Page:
In response to WhatDoYouWantNow's comment:
WASHINGTON — The memo distributed to House Republicans this week was concise and blunt, listing talking points and marching orders: “Because of Obamacare, I Lost My Insurance.” “Obamacare Increases Health Care Costs.” “The Exchanges May Not Be Secure, Putting Personal Information at Risk.” “Continue Collecting Constituent Stories.”
The document, the product of a series of closed-door strategy sessions that began in mid-October, is part of an increasingly organized Republican attack on the Affordable Care Act, President Obama’s signature legislative initiative. Republican strategists say that over the next several months, they intend to keep Democrats on their heels through a multilayered, sequenced assault.
The idea is to gather stories of people affected by the health care law — through social media, letters from constituents, or meetings during visits back home — and use them to open a line of attack, keep it going until it enters the public discourse and forces a response, then quickly pivot to the next topic.
For a House more used to disarray than methodical game plans, the success so far has been something of a surprise, even to the campaign’s organizers.
“Yeah, there is a method being followed here,” said Representative Michael C. Burgess, a Texas Republican involved in the effort, “but, really, these stories are creating themselves.”
First it was the malfunctioning website, HealthCare.gov, then millions of insurance policy cancellation notices sent to individuals with plans that did not meet the requirements of the health law. Earlier this week, the House aired allegations that personal data is insecure on the Internet-based insurance exchanges.
At a congressional field hearing set for Friday in Gastonia, N.C., the line of attack will shift to rate shocks expected to jolt the insurance markets in the next two years. Coming soon: a push to highlight people losing access to their longtime physicians and changes in Medicare Advantage programs for older people.
The effort has its roots in a strategy developed last spring, when House Republican leaders — plagued by party divisions that were thwarting legislative accomplishments — refocused the House’s committees on oversight rather than on the development of new policies.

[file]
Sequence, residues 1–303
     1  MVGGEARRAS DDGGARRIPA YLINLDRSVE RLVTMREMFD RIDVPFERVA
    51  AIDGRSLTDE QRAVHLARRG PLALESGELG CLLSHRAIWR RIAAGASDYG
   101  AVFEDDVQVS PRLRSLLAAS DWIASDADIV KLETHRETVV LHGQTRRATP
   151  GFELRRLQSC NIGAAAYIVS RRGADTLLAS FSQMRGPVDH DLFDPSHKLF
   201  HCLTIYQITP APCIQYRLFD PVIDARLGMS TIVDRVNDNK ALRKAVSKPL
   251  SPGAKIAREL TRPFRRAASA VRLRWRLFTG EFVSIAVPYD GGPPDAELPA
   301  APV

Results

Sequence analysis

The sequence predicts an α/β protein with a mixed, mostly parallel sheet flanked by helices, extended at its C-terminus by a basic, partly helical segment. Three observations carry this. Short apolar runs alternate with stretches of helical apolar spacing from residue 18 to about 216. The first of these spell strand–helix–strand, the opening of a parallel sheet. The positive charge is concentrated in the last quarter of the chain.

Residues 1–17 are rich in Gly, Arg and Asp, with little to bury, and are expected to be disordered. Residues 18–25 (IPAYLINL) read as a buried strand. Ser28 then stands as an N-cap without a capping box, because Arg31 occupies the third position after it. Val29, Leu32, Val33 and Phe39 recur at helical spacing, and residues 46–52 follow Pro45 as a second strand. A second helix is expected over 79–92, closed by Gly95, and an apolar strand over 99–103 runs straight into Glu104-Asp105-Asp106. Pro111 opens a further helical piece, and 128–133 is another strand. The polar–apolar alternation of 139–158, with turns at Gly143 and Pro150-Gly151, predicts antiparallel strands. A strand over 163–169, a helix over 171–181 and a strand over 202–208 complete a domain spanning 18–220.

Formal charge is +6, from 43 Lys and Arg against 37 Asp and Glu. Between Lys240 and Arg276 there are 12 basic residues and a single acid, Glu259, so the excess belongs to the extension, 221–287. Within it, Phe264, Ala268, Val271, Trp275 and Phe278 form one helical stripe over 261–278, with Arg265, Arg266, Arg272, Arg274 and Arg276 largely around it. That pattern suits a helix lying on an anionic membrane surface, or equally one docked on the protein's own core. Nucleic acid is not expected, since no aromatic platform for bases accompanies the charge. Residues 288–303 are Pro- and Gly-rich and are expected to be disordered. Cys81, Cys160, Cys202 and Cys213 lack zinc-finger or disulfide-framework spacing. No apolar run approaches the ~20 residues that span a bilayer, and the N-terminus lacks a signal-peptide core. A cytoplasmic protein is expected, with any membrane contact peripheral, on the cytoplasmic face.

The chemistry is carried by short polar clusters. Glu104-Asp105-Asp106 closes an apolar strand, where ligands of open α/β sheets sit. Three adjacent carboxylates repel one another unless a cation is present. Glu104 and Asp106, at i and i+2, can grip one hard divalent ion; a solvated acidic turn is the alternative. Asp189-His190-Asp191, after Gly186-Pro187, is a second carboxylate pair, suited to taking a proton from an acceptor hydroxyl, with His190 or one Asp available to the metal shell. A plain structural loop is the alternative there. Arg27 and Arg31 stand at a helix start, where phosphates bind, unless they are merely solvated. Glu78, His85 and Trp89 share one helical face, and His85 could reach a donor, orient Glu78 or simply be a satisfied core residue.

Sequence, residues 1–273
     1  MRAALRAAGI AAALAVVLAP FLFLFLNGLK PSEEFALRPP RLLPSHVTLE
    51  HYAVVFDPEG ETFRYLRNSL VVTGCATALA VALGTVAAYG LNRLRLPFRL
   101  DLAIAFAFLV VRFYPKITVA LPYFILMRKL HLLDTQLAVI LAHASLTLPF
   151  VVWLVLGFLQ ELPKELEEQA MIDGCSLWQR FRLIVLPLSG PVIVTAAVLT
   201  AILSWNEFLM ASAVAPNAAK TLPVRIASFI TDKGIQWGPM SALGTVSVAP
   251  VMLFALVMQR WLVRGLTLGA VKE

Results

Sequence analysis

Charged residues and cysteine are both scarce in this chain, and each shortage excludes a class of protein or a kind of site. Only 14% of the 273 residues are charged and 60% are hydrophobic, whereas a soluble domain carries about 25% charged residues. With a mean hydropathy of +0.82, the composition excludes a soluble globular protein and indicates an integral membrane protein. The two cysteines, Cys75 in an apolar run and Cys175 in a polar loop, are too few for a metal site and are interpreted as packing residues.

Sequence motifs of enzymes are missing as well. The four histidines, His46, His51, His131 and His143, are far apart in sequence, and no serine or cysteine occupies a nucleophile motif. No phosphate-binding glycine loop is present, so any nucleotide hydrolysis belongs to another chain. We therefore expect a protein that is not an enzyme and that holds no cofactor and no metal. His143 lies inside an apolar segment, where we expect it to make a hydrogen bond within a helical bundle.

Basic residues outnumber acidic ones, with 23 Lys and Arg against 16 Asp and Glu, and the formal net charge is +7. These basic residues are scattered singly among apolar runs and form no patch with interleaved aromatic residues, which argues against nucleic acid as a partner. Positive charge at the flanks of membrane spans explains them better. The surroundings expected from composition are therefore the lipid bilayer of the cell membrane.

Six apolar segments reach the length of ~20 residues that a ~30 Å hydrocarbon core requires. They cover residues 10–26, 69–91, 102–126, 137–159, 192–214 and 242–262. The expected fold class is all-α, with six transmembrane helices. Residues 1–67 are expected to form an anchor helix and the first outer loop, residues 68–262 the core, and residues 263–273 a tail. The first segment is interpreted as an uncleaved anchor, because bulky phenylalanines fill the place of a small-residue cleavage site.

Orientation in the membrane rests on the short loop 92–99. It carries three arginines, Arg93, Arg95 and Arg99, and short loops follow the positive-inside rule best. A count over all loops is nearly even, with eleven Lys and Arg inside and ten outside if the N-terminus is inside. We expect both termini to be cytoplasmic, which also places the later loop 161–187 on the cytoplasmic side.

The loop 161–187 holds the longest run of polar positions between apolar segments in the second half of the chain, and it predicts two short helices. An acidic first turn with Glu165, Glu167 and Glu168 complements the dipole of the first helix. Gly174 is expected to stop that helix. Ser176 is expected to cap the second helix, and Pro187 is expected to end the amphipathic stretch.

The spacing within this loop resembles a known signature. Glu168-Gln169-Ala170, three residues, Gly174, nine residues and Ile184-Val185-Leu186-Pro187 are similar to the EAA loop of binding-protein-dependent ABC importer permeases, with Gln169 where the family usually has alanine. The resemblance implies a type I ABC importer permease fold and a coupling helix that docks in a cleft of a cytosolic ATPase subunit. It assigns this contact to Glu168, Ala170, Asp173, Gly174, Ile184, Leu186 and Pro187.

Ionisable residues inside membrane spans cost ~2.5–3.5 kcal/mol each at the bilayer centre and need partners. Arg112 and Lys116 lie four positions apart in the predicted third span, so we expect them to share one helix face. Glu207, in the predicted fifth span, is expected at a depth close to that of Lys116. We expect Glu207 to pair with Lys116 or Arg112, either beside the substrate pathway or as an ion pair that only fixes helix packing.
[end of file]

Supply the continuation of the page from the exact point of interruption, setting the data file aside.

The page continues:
Rob Borden, a general counsel to Representative Darrell Issa of California, the chairman of the House Committee on Oversight and Government Reform, moved to a newly created position that reported jointly to Speaker John A. Boehner and Representative Eric Cantor of Virginia, the majority leader. Mr. Borden’s task was to coordinate and monitor oversight activities across separate committees to make sure they are not overlapping or undercutting one another.
That aggressive campaign, which produced numerous hearings on the attacks in Benghazi, Libya, as well as on I.R.S. scrutiny of conservative groups, is now increasingly consumed by the health care fight. House Republican leaders empowered four committees — oversight, Ways and Means, Energy and Commerce, and Education and the Workforce — to take the lead, with support from other panels, such as the Science and Homeland Security Committees, which have examined computer security.
Mr. Cantor and Representative Cathy McMorris Rodgers of Washington, another member of the Republican leadership, have also leaned on all 231 House Republicans. A 17-page “House Republican Playbook” walks members through “messaging tools” like talking points, social media tactics and “digital fliers”; details lines of attack; offers up a sample opinion article for local newspapers; and provides an extensive timeline on the health care law and an exhaustive list of legislative responses that have gone nowhere.